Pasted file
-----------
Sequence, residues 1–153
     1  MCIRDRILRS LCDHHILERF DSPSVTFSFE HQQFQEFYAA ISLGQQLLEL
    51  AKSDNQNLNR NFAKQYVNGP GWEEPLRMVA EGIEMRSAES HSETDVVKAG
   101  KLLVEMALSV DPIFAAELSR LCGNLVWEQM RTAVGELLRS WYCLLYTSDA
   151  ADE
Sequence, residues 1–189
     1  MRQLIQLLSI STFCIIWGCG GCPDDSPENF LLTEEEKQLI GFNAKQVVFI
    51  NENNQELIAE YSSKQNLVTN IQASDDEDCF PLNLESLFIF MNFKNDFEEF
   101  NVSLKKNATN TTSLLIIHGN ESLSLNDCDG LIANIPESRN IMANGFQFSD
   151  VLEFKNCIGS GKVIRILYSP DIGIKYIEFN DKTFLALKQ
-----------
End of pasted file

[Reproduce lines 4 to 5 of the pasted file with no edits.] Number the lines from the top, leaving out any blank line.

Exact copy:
   101  KLLVEMALSV DPIFAAELSR LCGNLVWEQM RTAVGELLRS WYCLLYTSDA
   151  ADE